Dollinger Steel Fiftieth Anniversary Guests in Food Line via Flickr
In the case of décor for international events, the key is to keep it simple. Use seating, lighting and branded visuals to decorate the event space rather than props and accessories.
Brady Miller warns, “Many nationalities have particular affiliations with certain flowers. Chrysanthemums are a good example. Depending on where you are in the world, these flowers could be associated either with happiness or nobility or could be associated almost exclusively with death or funerals (many places in Europe). Something as simple as a white lily will have hugely different meanings with different audiences.”
Language and translation
Although English is the usual common-language for international events and conferences, it is important that multi-lingual translators are on hand to ensure that all attendees get the most from the conference. Arrange for translators to be stationed at identifiable points throughout the venue such as the foyer, breakout space and the entrances to large seminar rooms.
When it comes to signage, consider the most common term for the area. For example, signs for the toilet should say WC as this is more international.
– A welcome letter – in a few of the major languages that will be attending would be comforting to your guests
– How to get to the venue from different places
– Recommended places to stay – negotiate a reduced room rate at a nearby hotel
– Include nearby attractions that attendees may wish to visit during their stay
Planning an international conference schedule is an art. As previously discussed, you need to ensure that there are different seminar streams for attendees. This ensures that they have access to a wide range of information throughout the day.
Ensure there is a good mix between conference talks and networking opportunities. This will give attendees the golden opportunity to network with those outside their normal circles, as well as give them the break they need.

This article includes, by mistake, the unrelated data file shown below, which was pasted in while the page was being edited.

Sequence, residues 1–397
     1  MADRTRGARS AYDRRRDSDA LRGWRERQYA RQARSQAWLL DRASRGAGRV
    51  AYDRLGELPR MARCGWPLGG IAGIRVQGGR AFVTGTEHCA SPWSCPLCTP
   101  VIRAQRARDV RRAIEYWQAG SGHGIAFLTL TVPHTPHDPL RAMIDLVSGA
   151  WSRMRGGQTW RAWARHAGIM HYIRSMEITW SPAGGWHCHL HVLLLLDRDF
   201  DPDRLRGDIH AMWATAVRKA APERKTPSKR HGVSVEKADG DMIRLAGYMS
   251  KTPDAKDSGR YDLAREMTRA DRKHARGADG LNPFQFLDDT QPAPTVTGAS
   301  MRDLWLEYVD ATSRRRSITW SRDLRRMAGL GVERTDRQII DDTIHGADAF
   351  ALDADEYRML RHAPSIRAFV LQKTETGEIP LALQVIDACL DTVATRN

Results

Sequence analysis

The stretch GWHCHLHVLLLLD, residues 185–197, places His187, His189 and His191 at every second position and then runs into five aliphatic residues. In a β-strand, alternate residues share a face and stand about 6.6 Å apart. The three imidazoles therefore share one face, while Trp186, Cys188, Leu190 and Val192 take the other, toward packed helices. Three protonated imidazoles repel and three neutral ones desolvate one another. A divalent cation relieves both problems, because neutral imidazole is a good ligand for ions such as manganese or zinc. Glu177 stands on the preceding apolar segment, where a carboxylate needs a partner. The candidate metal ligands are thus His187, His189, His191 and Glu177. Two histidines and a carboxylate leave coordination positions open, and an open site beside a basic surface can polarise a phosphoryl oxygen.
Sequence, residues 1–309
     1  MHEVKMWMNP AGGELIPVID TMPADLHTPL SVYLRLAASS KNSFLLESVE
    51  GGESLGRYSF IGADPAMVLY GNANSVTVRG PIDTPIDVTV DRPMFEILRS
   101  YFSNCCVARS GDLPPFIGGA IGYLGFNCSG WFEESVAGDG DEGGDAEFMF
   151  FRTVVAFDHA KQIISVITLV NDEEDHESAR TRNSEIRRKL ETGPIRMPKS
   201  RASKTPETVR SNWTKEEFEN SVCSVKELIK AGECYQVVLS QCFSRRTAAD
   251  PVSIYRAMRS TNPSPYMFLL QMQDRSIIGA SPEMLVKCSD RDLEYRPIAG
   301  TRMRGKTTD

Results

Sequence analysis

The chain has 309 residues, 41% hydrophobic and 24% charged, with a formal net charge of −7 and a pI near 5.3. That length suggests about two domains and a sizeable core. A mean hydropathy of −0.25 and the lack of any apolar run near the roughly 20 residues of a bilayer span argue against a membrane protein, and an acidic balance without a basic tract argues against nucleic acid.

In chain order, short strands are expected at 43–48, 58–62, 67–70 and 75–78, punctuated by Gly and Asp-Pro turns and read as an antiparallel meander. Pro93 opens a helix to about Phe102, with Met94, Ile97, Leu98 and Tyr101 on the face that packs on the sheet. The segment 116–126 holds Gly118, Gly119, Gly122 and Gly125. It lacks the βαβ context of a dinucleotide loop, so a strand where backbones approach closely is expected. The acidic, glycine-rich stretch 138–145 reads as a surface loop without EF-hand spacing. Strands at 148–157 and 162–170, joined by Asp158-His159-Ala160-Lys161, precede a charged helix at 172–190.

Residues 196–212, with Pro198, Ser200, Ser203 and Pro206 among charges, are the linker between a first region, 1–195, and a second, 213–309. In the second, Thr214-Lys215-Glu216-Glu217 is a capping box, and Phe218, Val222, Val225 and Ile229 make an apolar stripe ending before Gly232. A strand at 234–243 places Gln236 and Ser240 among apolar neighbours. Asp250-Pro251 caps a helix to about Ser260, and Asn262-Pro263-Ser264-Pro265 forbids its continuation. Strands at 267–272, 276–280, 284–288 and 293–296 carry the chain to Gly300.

If your event takes place over a number of days, ensure that there is time for international attendees to explore the city they are visiting. Remember, attending an international event is as much about the experience of the city as the conference itself.
If you know that some attendees have cultural requirements, such as prayer times or religious holidays, accommodate their needs into your schedule. There’s no point scheduling an international conference on Whit Monday where many Christian countries observe a bank holiday.
We all forget things and if your conference is only one or two days long, it’s likely that attendees will only bring hand luggage. This means that some of the essentials may have been left behind. Offer a stock of pens, pencils and notepads on arrival. Even better, consider giving away these items in branded goodie bags.
Pennsylvania Delegation via Flickr
Celebrate international attendees
Celebrate international attendees and make this a focus of your event. Mention those that have travelled and thank them in the conference’s opening address. You could even have a board with a map so people can pin where they have come from for the event.
Ultimately, the key to organising international events is to understand your audience. Do some research into cultural practices from different countries and religions. And always do your best with the time and budget you have been given by your client.
20 Bedford Way: International conference space
20 Bedford Way is an academic conference venue in Bloomsbury, Central London. The venue is close to major tourist attractions such as the British Museum, British Library and Oxford Street. It also benefits from unrivalled transport links, with major train stations and airports.
With flexible catering, spacious rooms and numerous accommodation options nearby, 20 Bedford Way is the ideal venue for your next international conference. If you are interested in holding an international conference in Bloomsbury contact us on 020 7612 6143 or email us.
Main image: Traveling by train, Nationaal Archief via Flickr